Formations Lesson for July 17- That All May Know Your Name
July 6 2011 by DuPre Sanders, pastor, Roxboro Baptist Church

Focal Passage: 1 Kings 8:22-23, 41-43, 59-60

Most leaders want to be remembered for at least one outstanding accomplishment. As king, Solomon expanded the empire handed to him by his father, David, and without doubt his greatest achievement was building the Temple.

The text for today describes the dedication of the Temple. The day of dedication was scheduled to take place during the Festival of Booths. The Temple was dedicated during a time when the people would remember their ancestors’ time in the desert. The location of the Temple also had great significance because it was built on the threshing floor, the place where, years earlier, David had built an altar to worship God.

The famed Ark of the Covenant was placed in the Temple, which would be its new permanent home.

The feature that set apart the Solomonic Temple from other temples in the ancient world was that there was no idol in it. It contained only the Mercy Seat over the Ark and the Cherubim overshadowing the Mercy Seat. This declared to the world that idols were unnecessary for God to be present. The God of Israel was not localized or bound in any sense.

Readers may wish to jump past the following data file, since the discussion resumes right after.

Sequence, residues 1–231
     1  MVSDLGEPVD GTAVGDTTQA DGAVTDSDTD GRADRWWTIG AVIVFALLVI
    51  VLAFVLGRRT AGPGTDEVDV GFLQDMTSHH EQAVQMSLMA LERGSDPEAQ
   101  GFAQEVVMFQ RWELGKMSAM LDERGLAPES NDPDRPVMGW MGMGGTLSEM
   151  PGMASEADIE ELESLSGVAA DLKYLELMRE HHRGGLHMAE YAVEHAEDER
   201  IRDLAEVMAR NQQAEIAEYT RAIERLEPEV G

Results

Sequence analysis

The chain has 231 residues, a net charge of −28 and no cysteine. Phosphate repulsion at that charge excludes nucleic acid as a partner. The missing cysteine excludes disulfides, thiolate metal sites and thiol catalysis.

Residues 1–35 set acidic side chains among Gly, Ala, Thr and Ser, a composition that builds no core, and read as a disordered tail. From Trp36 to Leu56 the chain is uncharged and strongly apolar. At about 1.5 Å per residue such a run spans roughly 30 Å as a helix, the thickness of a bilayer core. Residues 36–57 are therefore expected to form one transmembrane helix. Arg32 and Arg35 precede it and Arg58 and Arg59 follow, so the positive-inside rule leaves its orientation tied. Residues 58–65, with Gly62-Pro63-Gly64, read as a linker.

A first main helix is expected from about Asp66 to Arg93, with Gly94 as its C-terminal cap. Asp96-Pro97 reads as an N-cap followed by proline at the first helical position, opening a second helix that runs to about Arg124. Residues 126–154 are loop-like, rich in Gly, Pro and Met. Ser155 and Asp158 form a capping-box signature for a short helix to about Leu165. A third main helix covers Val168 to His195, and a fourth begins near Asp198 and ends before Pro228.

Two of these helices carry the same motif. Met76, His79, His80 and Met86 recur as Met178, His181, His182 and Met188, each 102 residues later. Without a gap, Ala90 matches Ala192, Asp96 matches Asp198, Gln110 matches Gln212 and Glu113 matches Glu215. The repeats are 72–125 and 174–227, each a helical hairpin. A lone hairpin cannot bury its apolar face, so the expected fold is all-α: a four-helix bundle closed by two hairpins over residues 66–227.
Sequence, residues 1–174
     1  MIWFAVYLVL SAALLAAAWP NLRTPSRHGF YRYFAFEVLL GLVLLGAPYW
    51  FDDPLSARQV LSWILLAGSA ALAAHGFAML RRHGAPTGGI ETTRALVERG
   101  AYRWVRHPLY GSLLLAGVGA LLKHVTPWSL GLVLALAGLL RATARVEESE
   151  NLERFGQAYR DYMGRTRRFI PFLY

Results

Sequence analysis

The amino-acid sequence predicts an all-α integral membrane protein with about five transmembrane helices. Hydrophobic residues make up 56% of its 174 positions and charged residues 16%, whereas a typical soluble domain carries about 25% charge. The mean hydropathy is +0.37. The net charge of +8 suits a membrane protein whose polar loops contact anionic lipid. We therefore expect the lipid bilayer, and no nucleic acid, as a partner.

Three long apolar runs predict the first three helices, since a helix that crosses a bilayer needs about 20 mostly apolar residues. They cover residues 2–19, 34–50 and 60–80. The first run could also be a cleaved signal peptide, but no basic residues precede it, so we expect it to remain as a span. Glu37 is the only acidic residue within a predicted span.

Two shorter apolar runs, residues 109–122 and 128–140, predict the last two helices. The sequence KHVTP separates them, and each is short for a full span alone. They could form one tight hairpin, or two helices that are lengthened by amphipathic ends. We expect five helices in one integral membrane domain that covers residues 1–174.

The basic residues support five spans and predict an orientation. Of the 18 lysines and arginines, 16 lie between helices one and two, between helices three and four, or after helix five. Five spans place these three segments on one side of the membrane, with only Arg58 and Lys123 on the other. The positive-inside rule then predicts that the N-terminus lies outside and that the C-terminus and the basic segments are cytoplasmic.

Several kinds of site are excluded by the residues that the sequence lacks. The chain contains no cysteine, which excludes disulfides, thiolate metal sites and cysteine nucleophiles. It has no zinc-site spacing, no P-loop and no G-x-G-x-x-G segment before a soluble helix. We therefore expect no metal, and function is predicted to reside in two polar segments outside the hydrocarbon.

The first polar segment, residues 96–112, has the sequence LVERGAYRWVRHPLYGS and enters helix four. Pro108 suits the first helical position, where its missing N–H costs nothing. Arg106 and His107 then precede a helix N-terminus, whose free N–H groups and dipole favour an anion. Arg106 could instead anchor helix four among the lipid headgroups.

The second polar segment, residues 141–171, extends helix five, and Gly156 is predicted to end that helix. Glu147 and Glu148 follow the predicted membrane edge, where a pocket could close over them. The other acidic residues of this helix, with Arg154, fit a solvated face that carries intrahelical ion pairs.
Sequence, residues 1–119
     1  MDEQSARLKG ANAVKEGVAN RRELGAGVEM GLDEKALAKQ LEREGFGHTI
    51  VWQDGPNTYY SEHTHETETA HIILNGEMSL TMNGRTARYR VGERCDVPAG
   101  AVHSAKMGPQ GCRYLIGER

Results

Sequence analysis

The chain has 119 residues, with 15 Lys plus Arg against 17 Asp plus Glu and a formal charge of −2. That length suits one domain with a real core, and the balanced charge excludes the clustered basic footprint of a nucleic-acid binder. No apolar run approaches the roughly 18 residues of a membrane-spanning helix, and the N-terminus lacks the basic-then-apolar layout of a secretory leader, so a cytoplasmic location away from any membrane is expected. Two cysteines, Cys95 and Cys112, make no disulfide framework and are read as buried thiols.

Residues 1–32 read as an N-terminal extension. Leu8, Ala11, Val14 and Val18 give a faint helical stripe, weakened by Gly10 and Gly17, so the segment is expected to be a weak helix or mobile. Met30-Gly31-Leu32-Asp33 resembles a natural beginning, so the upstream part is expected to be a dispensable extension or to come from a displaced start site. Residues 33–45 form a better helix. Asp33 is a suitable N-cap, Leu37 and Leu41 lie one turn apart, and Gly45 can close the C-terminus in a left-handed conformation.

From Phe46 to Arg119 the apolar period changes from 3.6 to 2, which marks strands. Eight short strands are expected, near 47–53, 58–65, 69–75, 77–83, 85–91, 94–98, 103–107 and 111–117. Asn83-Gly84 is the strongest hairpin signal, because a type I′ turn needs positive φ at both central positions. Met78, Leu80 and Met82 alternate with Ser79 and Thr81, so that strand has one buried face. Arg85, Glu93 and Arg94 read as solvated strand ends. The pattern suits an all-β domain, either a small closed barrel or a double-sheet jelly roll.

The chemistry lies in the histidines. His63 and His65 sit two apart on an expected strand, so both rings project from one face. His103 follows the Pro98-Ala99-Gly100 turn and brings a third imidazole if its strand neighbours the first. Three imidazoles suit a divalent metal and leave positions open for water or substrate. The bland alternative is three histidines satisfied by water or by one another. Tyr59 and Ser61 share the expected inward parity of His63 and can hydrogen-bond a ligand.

Years later, the Christian martyr, Stephen, said to an unruly crowd, “… Solomon built God a house. However, the Most High does not dwell in temples made with hands, as the prophet says: ‘Heaven is My throne, and the earth is My footstool. What house will you build for Me?’ says the Lord, ‘or what is the place of My rest? Has not My hand made all these things?’” (Acts 7:47-50, quoting Isaiah 66:1-2).

Solomon realized that God could not be limited to one particular place (1 Kings 8:27).

God cannot be limited or inhibited by human hands or buildings. God is beyond our control. Solomon’s finest moment came as he dedicated the new Temple to the glory of God. At that inspired moment, it was as if Solomon could see into the future when he prayed, “When a foreigner, who is not of your people Israel, comes from a distant land because of your name — for they shall hear of your great name” (v. 41-42).

The day would come when people from all over would visit this magnificent Temple and be told of God’s mighty works. The Temple would become a link between the people and God. May this story encourage us to look beyond our church buildings to the “foreigners” who are in our midst and share with them the story of God’s mighty works, so that they too may know His name!
7/6/2011 6:27:00 AM by DuPre Sanders, pastor, Roxboro Baptist Church | with 0 comments

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